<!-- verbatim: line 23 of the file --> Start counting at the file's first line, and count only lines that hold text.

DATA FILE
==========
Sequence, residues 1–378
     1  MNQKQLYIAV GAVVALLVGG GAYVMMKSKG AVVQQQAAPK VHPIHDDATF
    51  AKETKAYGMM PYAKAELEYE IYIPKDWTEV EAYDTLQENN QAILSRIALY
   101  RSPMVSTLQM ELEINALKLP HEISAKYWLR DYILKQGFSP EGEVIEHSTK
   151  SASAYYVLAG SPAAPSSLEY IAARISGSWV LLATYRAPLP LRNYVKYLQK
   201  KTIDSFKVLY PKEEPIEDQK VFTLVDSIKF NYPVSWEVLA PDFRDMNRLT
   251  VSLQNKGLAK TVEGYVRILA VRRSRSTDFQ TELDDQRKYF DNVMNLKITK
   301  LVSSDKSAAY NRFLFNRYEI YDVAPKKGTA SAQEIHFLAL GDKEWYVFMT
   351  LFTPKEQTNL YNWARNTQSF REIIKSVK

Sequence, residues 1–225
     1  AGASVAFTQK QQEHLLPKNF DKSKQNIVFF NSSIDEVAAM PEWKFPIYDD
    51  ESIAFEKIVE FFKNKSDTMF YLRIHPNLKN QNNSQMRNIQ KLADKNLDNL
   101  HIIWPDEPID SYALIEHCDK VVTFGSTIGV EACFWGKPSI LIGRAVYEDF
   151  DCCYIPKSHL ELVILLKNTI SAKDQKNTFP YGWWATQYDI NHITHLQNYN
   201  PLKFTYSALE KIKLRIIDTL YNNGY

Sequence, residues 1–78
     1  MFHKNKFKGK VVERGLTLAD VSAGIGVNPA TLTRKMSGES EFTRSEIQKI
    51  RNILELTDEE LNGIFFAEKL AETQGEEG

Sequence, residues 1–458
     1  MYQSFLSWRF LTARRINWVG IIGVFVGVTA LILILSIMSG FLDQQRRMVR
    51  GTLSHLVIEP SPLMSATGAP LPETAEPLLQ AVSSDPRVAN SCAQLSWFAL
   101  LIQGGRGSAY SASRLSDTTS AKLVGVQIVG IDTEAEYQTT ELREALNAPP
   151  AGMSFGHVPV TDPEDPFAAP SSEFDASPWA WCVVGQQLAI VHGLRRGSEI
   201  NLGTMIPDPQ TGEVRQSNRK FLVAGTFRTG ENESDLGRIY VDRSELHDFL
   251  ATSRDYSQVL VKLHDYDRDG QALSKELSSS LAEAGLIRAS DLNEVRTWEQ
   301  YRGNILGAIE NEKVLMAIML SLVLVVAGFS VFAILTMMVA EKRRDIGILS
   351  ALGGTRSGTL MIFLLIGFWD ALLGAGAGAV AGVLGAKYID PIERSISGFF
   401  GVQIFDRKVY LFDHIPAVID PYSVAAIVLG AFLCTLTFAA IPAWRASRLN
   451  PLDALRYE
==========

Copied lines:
   151  AGMSFGHVPV TDPEDPFAAP SSEFDASPWA WCVVGQQLAI VHGLRRGSEI